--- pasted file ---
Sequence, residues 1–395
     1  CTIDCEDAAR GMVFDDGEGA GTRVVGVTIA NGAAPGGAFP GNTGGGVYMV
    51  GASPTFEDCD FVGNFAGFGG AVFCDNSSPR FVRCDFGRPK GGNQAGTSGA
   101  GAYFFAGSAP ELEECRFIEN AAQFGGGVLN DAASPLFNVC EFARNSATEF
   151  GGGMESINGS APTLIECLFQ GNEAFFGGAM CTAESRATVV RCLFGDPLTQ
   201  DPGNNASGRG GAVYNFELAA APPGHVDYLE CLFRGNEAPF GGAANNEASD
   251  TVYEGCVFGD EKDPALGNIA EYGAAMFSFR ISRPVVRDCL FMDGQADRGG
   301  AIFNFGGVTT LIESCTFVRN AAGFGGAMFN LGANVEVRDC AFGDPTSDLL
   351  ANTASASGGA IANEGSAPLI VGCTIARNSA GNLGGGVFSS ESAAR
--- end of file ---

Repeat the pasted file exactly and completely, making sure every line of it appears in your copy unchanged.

Sequence, residues 1–395
     1  CTIDCEDAAR GMVFDDGEGA GTRVVGVTIA NGAAPGGAFP GNTGGGVYMV
    51  GASPTFEDCD FVGNFAGFGG AVFCDNSSPR FVRCDFGRPK GGNQAGTSGA
   101  GAYFFAGSAP ELEECRFIEN AAQFGGGVLN DAASPLFNVC EFARNSATEF
   151  GGGMESINGS APTLIECLFQ GNEAFFGGAM CTAESRATVV RCLFGDPLTQ
   201  DPGNNASGRG GAVYNFELAA APPGHVDYLE CLFRGNEAPF GGAANNEASD
   251  TVYEGCVFGD EKDPALGNIA EYGAAMFSFR ISRPVVRDCL FMDGQADRGG
   301  AIFNFGGVTT LIESCTFVRN AAGFGGAMFN LGANVEVRDC AFGDPTSDLL
   351  ANTASASGGA IANEGSAPLI VGCTIARNSA GNLGGGVFSS ESAAR